5. Only start series by debut authors. I usually hate series, but there are a few really good ones coming out from debut authors this year that I just have to read. I’m already in the middle of so many trilogies and series and I just don’t want to add too many more to the list.
6. Read less dystopian. I have a love-hate relationship with dystopians that I simply don’t need to feed anymore. Everything is starting to sound the same and to melt together in my head, and I always feel disappointed after finishing a dystopian novel. I think the problem is that the genre has been overdone to death. With the exception of series I’ve already started, my goal is to read no more than five dystopians in 2014.
7. Interact more on Twitter. This is something that’s been really scary for me. I want to get to know my fellow bloggers and authors, but I never know how to start a conversation on Twitter. I’m much better at networking in person than online, but since our society relies so heavily on technology, it’s a skill I need to learn.
8. Be more selective about requesting books from NetGalley & Edelweiss. I’m still about 90 ARCs behind between the two for last year, and I don’t want that to happen again. I requested a lot of books because I figured I could decide not to read them and it wouldn’t matter, but now my books read/feedback sent ratio on NetGalley is super low because of all the titles I never got to. I need to only request books for the DAC and SARC, and only books I know I’ll read.
9. Respond to people’s comments more. I always get excited when someone comments on a post, but then chicken out too much to actually respond. Now that I think about it, I think I’m shyer online than in real life.
10. Read more of the books I already own. I still have a bunch of books from BEA I need to read, and books I purchased but have yet to get to. Maybe I should participate in the TBR Challenge as well?
Title: To Be Perfectly Honest
Author: Sonya Sones
Publisher: Simon & Schuster Books for Young Readers
Publication Date: August 27, 2013
have a joke about her:
How can you tell if Colette is lying?
Her mouth is open.
Fifteen-year-old Colette is addicted to lying. Her shrink says this is because she’s got a very bad case of Daughter-of-a-famous-movie-star Disorder—so she lies to escape out from under her mother’s massive shadow. But Colette doesn’t see it that way. She says she lies because it’s the most fun she can have with her clothes on. Not that she’s had that much fun with her clothes off. At least not yet, anyway…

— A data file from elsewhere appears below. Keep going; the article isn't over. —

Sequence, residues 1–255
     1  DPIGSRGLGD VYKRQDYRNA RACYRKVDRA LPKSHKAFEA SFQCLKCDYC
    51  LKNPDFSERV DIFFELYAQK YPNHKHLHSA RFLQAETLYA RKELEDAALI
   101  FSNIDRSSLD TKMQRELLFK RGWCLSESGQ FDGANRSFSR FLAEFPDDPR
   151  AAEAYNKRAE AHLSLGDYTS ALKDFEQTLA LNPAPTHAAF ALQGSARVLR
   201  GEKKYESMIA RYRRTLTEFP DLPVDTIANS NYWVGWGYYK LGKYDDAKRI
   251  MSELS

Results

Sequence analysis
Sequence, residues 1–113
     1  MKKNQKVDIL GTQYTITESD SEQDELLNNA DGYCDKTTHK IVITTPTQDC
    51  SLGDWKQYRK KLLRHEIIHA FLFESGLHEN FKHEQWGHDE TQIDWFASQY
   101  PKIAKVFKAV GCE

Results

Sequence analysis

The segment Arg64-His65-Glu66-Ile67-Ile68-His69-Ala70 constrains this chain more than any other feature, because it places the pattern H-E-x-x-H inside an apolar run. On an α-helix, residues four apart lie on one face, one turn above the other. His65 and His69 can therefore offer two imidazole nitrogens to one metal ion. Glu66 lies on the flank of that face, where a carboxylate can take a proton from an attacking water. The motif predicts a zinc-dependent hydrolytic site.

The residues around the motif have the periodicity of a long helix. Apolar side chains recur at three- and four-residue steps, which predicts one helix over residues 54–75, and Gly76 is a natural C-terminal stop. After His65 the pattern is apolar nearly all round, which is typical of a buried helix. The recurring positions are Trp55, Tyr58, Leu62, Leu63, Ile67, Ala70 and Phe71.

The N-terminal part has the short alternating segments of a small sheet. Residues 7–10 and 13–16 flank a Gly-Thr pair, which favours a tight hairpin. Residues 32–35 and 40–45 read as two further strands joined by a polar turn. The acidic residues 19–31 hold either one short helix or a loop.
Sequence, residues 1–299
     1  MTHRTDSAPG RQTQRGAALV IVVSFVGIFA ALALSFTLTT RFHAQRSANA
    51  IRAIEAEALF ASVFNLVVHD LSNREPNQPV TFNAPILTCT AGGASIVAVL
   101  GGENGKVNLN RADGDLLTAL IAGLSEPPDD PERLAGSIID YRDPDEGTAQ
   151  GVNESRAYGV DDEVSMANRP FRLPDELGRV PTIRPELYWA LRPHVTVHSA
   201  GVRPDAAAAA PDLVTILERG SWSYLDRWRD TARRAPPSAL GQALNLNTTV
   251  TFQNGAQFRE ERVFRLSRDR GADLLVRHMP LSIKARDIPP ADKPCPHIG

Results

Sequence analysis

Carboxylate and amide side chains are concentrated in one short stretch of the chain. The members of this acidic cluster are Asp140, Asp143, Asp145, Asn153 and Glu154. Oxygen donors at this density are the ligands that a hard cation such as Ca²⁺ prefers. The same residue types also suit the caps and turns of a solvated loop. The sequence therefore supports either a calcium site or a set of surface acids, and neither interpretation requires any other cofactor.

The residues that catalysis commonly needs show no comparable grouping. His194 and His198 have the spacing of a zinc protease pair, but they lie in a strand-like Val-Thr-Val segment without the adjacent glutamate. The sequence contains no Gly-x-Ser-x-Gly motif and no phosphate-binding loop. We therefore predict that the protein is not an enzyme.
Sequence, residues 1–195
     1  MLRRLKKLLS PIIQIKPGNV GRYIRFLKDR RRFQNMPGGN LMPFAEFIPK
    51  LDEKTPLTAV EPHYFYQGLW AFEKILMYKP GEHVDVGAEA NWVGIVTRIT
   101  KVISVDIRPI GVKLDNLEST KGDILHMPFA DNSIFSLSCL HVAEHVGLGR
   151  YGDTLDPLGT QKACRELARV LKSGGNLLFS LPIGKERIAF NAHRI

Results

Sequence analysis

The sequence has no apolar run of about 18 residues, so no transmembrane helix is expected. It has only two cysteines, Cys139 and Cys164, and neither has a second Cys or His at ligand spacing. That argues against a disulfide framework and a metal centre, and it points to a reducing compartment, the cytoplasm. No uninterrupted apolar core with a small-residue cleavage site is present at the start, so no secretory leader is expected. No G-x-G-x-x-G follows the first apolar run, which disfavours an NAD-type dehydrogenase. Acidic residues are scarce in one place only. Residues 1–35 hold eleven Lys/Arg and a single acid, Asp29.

When her mother drags her away from Hollywood to spend the entire summer on location in a boring little town in the middle of nowhere, Colette is less than thrilled. But then she meets a sexy biker named Connor. He’s older, gorgeous, funny, and totally into her. So what if she lies to him about her age, and about who her mother is? I mean, she has to keep her mother’s identity a secret from him. If he finds out who she really is, he’ll forget all about Colette, and start panting and drooling and asking her for her mother’s autograph. Just like everyone always does.
But what Colette doesn’t know is that Connor is keeping a secret of his own…
To Be Perfectly Honest was a thoroughly enjoyable read from one of my favorite childhood authors. One of Those Hideous Books Where the Mother Dies was probably the first novel I read written in verse, and I still think Ellen Hopkins has nothing on Sonya Sones. I’ve read and loved all Sones’ books, and To Be Perfectly Honest did not disappoint.
I love books with unreliable narrators, and Colette fits that description to a T. I had fun guessing when she was lying or not, and she definitely kept me on my toes throughout the story, all the way until the very last page. I felt like I’ve never read a character like Colette before, so Sones’ latest novel was truly a breath of fresh air for me.
I enjoyed everything about Colette’s messed-up life (no, I promise I’m not a sadist) from her insane lies to her adorable little brother, who was featured a lot more in this book than most younger siblings in YA. I felt Sonya Sones did an excellent job making Colette’s larger-than-life story believable and relateable. Even though Colette tells some outrageous lies, you can’t help but root for her and want the best for her.
To Be Perfectly Honest is a super fun read that you’ll rip through in no time despite the length. I hope other readers will fall in love with Colette’s funny, sarcastic voice as much as I did, and that Sonya Sones gets the hype for it that she deserves.